We, too, find the Seventh Circuit's analysis in Sinclair Oil persuasive. In passing Section 301(b) Congress was obviously concerned with the "fiscal ruin visited upon (union) members as a result of the 'Danbury Hatters' decision." Sinclair Oil v. Oil, Chemical and Atomic Workers Union, 452 F.2d 40, 52 (7 Cir. 1971). In the light of such Congressional concern, it would be anomalous to extend Section 301 to permit damage suits by employers against individual union members for breaches of a collective bargaining agreement.5 There is simply no authority in the legislative history for a contrary conclusion. Finally, we are influenced by the fact that in some nine years since the Seventh Circuit decided Sinclair Oil, Congress has not seen fit to take any action to alter the result in that case. Accordingly, we hold that Section 301 does not create a cause of action for damages by an employer against individual union members for such an unauthorized breach of the collective bargaining agreement.6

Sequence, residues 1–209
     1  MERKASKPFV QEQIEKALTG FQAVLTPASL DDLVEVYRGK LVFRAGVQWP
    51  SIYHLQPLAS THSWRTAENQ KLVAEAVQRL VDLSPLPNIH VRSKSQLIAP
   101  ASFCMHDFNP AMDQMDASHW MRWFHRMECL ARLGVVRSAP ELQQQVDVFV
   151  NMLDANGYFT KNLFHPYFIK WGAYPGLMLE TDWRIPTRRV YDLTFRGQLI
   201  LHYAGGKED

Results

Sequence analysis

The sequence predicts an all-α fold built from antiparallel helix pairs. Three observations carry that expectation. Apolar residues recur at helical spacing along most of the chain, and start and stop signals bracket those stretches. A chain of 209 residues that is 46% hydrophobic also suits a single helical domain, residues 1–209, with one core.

29 U.S.C. § 185 reads, in pertinent part, as follows:

§ 185. Suits by and against labor organizations Venue, amount, and citizenship

(a) Suits for violation of contracts between an employer and a labor organization representing employees in an industry affecting commerce as defined in this chapter, or between any such labor organizations, may be brought in any district court of the United States having jurisdiction of the parties, without respect to the amount in controversy or without regard to the citizenship of the parties.